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My Transition from Visual to UX Design

by Daniel Beadle | Jun 8, 2016 | [[ readEstimate ]] min read

Having worked as a visual designer for most of my career, the expansion of my role to a user experience designer seemed natural. The reason being that there’s really no one involved in making websites and apps that shouldn’t have an understanding of user experience. From the project manager to the developer, every decision should be made with the end user in mind. So as a visual designer, while certain elements may seem arbitrary, the goal was always to guide the user to the intended action. Without even being consciously aware of it, I was learning UX as I grew as a designer, because UX is the science behind good design. If design is the action, UX is the intention.

Now it may seem backwards, a designer learning UX, since projects tend to flow in the opposite direction. But even though the principles of good design can be taught, the instincts behind it cannot, so it’s easier to teach a designer how to dive into UX than the other way around. Similar to the advent of the space program, wherein pilots were taught science rather than scientists taught how to be pilots. But back to UX.

The addition of UX to my role came about out of necessity, as I transitioned from a larger team to a smaller one, taking on the work that would normally be done by another person. The interesting thing about the workflow at Grafton Studio is that UX is a role shared by us all at the outset. Once a plan is set, it’s my job to dive into the details, draft up wireframes, and set the stage for what will eventually become a user interface design. In this sense, projects have a steadier flow. At no point is there a handoff from one person to another that comes as a surprise. Design is simply the evolution of the wireframes, not a reinvention of them. And Luke, our developer, plays a key role in the strategy of a site or an app, so he’s on board with the design decisions that come his way.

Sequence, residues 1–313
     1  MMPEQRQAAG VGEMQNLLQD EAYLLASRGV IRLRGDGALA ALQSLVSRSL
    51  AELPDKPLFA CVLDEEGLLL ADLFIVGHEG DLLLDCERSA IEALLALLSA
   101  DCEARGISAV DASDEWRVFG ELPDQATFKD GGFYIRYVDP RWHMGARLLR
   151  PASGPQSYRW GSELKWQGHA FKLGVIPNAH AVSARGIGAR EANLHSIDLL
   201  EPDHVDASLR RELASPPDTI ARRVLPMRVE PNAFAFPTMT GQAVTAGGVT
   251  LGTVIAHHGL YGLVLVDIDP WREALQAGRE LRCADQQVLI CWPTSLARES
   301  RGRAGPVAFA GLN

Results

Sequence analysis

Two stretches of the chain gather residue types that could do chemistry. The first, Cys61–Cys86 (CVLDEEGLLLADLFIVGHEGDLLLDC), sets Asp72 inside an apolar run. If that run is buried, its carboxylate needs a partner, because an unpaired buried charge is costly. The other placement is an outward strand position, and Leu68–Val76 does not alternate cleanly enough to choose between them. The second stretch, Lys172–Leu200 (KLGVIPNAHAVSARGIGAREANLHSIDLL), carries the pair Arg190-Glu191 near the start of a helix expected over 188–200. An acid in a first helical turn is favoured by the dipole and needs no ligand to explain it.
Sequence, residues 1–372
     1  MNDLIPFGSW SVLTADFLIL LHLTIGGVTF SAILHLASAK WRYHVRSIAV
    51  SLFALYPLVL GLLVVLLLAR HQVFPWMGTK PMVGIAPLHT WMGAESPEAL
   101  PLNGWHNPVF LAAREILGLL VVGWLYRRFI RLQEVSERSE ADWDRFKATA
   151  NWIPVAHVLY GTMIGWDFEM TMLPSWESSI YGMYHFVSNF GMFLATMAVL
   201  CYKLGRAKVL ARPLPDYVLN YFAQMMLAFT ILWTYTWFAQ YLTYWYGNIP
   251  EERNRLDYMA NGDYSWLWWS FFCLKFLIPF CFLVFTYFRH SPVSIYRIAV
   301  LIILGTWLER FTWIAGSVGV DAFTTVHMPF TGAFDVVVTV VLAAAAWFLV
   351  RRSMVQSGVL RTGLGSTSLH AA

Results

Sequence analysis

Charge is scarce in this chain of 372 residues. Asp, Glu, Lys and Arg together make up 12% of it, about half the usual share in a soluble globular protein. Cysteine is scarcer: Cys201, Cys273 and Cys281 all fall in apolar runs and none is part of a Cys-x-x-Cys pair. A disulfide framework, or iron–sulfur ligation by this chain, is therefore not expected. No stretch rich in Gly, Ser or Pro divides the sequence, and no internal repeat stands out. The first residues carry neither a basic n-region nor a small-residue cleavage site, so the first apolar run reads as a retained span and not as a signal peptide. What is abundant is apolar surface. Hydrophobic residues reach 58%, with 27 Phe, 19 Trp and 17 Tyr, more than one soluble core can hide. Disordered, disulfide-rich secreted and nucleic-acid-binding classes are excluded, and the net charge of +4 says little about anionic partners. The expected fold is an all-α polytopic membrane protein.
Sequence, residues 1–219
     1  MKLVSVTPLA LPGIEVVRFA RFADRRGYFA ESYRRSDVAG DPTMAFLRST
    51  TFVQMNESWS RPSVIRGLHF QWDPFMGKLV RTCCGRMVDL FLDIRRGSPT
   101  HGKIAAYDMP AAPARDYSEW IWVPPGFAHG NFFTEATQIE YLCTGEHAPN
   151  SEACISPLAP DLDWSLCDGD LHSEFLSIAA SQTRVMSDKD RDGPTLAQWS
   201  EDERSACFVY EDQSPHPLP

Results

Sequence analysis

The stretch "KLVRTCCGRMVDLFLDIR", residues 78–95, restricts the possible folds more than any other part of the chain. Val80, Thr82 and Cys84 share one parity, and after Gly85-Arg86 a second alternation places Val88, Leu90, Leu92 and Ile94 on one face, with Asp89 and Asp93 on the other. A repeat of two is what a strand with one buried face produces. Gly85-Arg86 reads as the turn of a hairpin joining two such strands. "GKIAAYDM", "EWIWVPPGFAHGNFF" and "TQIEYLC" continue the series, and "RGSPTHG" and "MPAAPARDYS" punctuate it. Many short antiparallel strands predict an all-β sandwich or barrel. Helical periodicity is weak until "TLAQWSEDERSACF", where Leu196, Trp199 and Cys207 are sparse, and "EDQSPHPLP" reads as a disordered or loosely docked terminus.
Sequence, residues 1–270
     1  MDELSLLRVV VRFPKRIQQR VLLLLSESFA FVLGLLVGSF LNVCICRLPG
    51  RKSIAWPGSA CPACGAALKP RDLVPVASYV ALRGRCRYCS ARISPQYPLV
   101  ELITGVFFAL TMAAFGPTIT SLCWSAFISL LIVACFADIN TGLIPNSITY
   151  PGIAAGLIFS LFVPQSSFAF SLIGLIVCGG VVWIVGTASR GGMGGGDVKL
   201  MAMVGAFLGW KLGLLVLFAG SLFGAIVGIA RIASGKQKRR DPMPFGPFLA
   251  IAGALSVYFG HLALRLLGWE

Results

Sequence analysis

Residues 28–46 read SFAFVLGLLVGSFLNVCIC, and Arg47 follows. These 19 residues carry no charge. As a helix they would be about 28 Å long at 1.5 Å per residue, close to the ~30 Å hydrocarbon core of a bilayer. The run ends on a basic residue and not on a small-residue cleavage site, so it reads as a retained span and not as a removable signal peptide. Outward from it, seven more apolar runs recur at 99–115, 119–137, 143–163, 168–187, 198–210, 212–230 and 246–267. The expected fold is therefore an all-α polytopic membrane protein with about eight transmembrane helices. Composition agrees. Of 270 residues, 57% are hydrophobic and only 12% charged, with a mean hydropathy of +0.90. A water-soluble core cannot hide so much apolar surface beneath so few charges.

My approach to wireframe design is that I treat it as a rough draft for my eventual UI designs. But without color, images, or nuanced design elements in place, the layout is abundantly flexible, and lends itself well to changes both large and small. There’s no emotional attachment there, on my part or on the part of the client, so updates are fast and easy. UX design is freeing in a way, because it’s like designing from a higher, bird’s eye view.

The longer I’m responsible for both UX and visual design work, the less I see them as separate disciplines. One is simply the pretext to the other, with usability and clarity being an essential element for both. Certainly, we all have our specialties and unique skill sets. But the perceived divisions between our roles need not be so concrete. It’s been an eye opening experience to tear down that wall, and add some variety and perspective to my design career.

Now I just need to get better at coding ;P